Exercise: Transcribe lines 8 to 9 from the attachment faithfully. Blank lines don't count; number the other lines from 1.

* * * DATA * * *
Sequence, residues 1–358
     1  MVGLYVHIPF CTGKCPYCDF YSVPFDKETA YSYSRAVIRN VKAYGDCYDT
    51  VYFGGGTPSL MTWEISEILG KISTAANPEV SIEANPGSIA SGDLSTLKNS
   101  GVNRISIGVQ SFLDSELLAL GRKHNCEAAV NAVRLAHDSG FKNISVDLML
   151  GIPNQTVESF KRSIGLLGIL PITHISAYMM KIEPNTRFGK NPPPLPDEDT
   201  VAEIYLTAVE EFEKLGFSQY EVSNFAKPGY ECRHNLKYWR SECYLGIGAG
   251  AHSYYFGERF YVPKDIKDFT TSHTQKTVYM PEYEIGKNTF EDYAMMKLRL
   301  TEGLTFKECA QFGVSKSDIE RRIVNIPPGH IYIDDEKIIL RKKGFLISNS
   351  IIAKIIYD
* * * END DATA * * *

   301  TEGLTFKECA QFGVSKSDIE RRIVNIPPGH IYIDDEKIIL RKKGFLISNS
   351  IIAKIIYD